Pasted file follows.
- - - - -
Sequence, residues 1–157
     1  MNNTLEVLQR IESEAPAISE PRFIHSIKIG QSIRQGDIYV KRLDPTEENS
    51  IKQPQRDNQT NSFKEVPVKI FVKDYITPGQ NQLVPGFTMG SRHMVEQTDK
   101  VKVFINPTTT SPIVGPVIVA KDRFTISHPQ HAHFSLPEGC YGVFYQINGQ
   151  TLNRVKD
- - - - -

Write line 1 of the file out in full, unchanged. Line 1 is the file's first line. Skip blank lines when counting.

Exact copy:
Sequence, residues 1–157